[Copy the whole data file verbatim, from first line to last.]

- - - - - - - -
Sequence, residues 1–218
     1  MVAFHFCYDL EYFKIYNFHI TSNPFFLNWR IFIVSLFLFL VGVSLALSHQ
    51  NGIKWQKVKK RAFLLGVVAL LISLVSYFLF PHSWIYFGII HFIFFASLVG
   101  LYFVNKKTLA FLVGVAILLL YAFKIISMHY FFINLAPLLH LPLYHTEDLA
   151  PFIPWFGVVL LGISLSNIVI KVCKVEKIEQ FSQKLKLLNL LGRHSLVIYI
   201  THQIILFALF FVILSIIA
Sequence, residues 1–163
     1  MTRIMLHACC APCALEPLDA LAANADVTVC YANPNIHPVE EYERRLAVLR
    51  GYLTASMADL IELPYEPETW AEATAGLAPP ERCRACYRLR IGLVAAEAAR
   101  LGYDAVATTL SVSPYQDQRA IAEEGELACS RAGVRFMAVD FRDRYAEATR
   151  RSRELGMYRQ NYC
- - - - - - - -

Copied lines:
Sequence, residues 1–218
     1  MVAFHFCYDL EYFKIYNFHI TSNPFFLNWR IFIVSLFLFL VGVSLALSHQ
    51  NGIKWQKVKK RAFLLGVVAL LISLVSYFLF PHSWIYFGII HFIFFASLVG
   101  LYFVNKKTLA FLVGVAILLL YAFKIISMHY FFINLAPLLH LPLYHTEDLA
   151  PFIPWFGVVL LGISLSNIVI KVCKVEKIEQ FSQKLKLLNL LGRHSLVIYI
   201  THQIILFALF FVILSIIA
Sequence, residues 1–163
     1  MTRIMLHACC APCALEPLDA LAANADVTVC YANPNIHPVE EYERRLAVLR
    51  GYLTASMADL IELPYEPETW AEATAGLAPP ERCRACYRLR IGLVAAEAAR
   101  LGYDAVATTL SVSPYQDQRA IAEEGELACS RAGVRFMAVD FRDRYAEATR
   151  RSRELGMYRQ NYC